FRIDAY, Nov. 9, 2018 — Many women are not knowledgeable about ovarian cancer before diagnosis despite most women experiencing prediagnosis symptoms, according to a report published online Oct. 18 by the World Ovarian Cancer Coalition.
Researchers surveyed 1,531 women in 44 countries between March and May 2018 to examine the experiences of women with ovarian cancer. Clinician interviews were conducted among 37 clinicians in 15 countries.
According to the report, more than two-thirds of women had not heard of ovarian cancer or knew nothing about it before diagnosis; this number varied widely between countries. Regardless of stage of diagnosis or type of ovarian cancer, nine in 10 women experienced multiple symptoms before diagnosis. Of these women, eight in 10 consulted a doctor about symptoms; the time to do so varied, and less than half saw a doctor within a month. Clinicians believed that delays in diagnosis could be reduced and that lack of awareness contributed to these delays. Eighty percent of women with two or more relatives with ovarian cancer had not had genetic testing before diagnosis. Not receiving genetic testing after diagnosis could mean women are missing out on new targeted treatments.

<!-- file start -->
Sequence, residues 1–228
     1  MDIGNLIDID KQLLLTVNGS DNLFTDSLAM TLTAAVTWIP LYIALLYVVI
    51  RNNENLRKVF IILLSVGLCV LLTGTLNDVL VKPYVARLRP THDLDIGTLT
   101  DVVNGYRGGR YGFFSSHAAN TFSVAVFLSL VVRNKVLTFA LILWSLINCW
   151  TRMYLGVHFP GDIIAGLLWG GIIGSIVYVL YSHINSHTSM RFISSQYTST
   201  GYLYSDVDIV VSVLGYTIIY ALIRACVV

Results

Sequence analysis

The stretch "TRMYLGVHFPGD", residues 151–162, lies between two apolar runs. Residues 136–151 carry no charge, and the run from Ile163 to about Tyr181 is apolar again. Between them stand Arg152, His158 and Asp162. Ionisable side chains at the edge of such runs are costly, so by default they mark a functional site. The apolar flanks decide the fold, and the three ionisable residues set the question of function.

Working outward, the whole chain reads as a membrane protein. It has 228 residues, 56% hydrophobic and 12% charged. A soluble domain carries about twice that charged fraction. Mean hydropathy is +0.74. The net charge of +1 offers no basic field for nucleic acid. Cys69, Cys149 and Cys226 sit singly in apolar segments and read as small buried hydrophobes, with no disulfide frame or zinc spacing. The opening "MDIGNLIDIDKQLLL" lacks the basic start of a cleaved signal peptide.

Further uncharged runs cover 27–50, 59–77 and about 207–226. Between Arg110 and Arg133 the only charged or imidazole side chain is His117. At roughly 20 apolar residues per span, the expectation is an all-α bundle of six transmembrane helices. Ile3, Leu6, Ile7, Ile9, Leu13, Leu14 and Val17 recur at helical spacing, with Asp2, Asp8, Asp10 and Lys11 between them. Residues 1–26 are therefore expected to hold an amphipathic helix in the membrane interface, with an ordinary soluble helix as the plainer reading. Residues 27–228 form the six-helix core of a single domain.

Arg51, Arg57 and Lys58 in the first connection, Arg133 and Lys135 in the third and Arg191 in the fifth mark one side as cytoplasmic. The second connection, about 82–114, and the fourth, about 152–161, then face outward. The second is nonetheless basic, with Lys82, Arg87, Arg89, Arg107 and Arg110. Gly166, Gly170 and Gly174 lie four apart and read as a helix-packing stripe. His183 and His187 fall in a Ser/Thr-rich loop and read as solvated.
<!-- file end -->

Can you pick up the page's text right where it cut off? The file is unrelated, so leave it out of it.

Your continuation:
“It is vital that urgent steps are taken in every country to raise awareness of the disease and speed up diagnosis so that we can transform the outlook for the increasing numbers of women and their families affected by ovarian cancer,” Anwen Jones, co-chair of the Every Woman Study, said in a statement.
Translation of the Every Woman Study Women’s Survey was funded by pharmaceutical companies.
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Posted: November 2018